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County Council candidates answer public's questions

Arlington
Arlington's Bill Blake, left, takes notes while Marysville's Gary Wright answers a question during the July 31 Snohomish County Council Candidates' Forum at Leifer Manor in Marysville.
— image credit: Kirk Boxleitner

MARYSVILLE — Arlington's Bill Blake and Ken Klein joined Marysville's Sean Olson and Gary Wright in answering questions solicited from the public at the July 31 Snohomish County Council Candidates' Forum that was coordinated by the Arlington-Smokey Point Chamber of Commerce, sponsored by the Angel of the Winds Casino and hosted by Leifer Manor.

Just as Blake looked back on the three generations that his family has lived in the area, as well as his 13 years with the city of Arlington, so too did Wright tout his four decades of small business experience. Olson likewise noted that he's lived his whole life in Marysville, in addition to working in the city's government on financial issues, while Klein pointed out that he's the only candidate who's been elected to office before. Fellow County Council District 1 candidate Carsten Mullin was unable to attend due to a previous commitment.

All four candidates agreed that fostering more job growth is one of the biggest problems facing Snohomish County, with Blake and Klein both citing the importance of attracting manufacturing and light industrial businesses to the local area. Klein, Olson and Wright reiterated the line that less government regulation is required to help grow the economy, with Klein advocating more transparency in government, Olson warning against excessive government spending and Wright suggesting that regulatory processes that serve the public should be made more accessible. While Blake agreed there's not enough money for government to do everything, he suggested more public/private partnerships to help protect the environment.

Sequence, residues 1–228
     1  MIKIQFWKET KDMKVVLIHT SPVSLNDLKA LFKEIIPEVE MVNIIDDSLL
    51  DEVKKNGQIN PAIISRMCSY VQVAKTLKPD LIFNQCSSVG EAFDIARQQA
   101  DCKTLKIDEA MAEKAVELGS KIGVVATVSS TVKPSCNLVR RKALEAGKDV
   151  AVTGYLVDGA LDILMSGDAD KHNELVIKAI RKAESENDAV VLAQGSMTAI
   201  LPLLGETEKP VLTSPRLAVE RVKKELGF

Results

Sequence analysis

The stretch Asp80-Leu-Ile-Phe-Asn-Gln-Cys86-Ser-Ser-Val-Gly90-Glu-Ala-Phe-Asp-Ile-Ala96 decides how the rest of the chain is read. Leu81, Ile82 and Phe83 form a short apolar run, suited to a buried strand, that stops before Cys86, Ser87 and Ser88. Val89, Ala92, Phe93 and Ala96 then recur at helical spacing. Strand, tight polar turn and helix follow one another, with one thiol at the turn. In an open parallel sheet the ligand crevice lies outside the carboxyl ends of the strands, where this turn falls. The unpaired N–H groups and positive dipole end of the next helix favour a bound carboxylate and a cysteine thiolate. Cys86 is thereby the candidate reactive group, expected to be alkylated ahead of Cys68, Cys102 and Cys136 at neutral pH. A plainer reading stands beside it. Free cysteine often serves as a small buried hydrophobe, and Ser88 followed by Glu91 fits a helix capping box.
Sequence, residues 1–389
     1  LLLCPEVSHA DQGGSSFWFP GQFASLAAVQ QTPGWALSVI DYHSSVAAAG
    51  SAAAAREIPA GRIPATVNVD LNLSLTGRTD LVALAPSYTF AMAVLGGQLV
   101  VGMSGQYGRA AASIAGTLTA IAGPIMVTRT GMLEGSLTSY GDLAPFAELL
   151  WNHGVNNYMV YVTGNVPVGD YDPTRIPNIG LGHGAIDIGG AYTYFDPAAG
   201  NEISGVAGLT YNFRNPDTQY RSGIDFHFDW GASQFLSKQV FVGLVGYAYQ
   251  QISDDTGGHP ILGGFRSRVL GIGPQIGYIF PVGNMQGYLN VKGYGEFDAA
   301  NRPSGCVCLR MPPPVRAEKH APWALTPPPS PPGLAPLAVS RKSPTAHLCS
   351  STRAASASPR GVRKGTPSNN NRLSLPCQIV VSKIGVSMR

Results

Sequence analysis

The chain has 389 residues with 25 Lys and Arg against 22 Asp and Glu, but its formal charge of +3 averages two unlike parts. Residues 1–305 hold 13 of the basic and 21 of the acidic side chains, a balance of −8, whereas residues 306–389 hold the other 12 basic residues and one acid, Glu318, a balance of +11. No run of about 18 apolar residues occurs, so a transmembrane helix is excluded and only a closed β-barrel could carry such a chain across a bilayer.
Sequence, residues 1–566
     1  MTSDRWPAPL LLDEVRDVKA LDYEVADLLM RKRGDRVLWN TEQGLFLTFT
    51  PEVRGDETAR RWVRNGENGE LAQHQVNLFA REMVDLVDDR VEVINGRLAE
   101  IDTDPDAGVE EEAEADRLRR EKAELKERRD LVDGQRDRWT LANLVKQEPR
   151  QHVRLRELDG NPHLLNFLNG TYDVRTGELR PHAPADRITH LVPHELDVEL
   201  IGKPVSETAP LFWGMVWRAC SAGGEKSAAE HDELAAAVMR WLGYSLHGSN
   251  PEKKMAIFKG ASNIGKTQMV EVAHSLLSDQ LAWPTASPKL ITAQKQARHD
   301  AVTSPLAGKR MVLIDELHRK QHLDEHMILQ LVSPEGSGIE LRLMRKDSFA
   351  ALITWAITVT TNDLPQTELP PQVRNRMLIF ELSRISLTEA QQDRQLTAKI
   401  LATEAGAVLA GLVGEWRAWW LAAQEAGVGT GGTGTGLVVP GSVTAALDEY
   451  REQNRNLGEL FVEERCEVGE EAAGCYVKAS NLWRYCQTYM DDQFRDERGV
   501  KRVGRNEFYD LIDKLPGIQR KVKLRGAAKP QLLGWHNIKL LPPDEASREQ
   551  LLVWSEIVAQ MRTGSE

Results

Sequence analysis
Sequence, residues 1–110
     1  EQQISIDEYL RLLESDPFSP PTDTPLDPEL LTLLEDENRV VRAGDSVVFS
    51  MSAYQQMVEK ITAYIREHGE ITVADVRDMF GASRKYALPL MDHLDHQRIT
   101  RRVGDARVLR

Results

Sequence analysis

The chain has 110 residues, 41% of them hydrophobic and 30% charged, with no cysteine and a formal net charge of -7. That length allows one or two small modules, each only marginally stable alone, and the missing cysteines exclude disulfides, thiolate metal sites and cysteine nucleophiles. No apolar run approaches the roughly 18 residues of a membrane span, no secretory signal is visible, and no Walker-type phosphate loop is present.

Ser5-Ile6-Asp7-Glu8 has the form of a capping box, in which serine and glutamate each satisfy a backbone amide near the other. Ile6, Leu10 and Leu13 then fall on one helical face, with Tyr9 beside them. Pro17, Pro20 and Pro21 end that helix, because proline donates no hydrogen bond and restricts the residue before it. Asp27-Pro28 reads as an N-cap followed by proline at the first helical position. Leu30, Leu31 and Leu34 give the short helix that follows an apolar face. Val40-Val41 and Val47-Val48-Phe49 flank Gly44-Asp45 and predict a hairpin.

General Policy Plan 11 became a bone of contention between Klein and Wright, with Klein reversing his earlier support for the ordinance, to which Wright responded by chiding Klein for not considering the issue sufficiently to begin with.

"I believed at the time that it increased property rights, but it's hurt them in the long run," Klein said. "It's forced farmers to accept increased regulation, and taken away good farming land that we'll never get back."

"You should have researched it more thoroughly beforehand, rather than making a different decision after it passed," Wright said. "I'd rather defer such a decision, or vote against something that seems harmless."

When the question of county regulations came up, Olson echoed Wright's call for a streamlining of the business permitting process. Klein and Wright both criticized the Growth Management Act, Klein because he holds it accountable for turning Marysville and Arlington into "bedroom communities" that suffer increased traffic due to extended commutes, and Wright because he fears that property owners lose value on their lands when government overreaches with "onerous" regulations. As for Blake, he acknowledged that the current environmental regulations are unworkable, but still cited the need for certain standards to protect the ecosystem.

"It doesn't make any sense the way they're enforced now, when you're required to get a flood study to put up one pole in the flood plain," Blake said. "But we have to have some rules, so that the system isn't abused."

When asked about decisions they've come to regret, Klein described his vote for GPP11 as the only one he's disagreed with later, but he deemed it a strength that he can reconsider his earlier decisions. Wright recalled a restructuring of a realtors' committee that he'd disagreed with, but went along with anyway to appease the group, and cited the consequences of that move as proof that he shouldn't have acquiesced. Although Olson declined to answer the question since "I don't have the political experience to draw from," Blake lamented not following through with his plans to serve in the Coast Guard when he was younger.

All four candidates agreed that the County Council District 1 seat will be a full-time job for which they would be fully available, and to which they would be fully committed.

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